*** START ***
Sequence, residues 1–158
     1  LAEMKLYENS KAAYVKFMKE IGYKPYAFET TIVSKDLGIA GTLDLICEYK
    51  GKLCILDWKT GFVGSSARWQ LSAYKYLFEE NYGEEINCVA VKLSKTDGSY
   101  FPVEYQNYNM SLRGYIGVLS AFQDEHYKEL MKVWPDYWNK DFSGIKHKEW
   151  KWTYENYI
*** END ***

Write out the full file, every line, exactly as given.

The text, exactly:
Sequence, residues 1–158
     1  LAEMKLYENS KAAYVKFMKE IGYKPYAFET TIVSKDLGIA GTLDLICEYK
    51  GKLCILDWKT GFVGSSARWQ LSAYKYLFEE NYGEEINCVA VKLSKTDGSY
   101  FPVEYQNYNM SLRGYIGVLS AFQDEHYKEL MKVWPDYWNK DFSGIKHKEW
   151  KWTYENYI